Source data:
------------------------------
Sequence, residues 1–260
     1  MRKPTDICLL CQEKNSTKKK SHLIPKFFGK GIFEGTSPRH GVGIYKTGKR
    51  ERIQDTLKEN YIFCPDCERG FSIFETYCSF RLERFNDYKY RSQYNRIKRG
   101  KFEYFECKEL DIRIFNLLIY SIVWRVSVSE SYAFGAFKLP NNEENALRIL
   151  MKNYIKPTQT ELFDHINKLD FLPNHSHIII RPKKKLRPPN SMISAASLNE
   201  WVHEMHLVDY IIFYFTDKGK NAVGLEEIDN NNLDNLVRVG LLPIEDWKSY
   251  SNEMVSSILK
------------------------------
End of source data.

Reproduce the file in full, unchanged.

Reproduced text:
Sequence, residues 1–260
     1  MRKPTDICLL CQEKNSTKKK SHLIPKFFGK GIFEGTSPRH GVGIYKTGKR
    51  ERIQDTLKEN YIFCPDCERG FSIFETYCSF RLERFNDYKY RSQYNRIKRG
   101  KFEYFECKEL DIRIFNLLIY SIVWRVSVSE SYAFGAFKLP NNEENALRIL
   151  MKNYIKPTQT ELFDHINKLD FLPNHSHIII RPKKKLRPPN SMISAASLNE
   201  WVHEMHLVDY IIFYFTDKGK NAVGLEEIDN NNLDNLVRVG LLPIEDWKSY
   251  SNEMVSSILK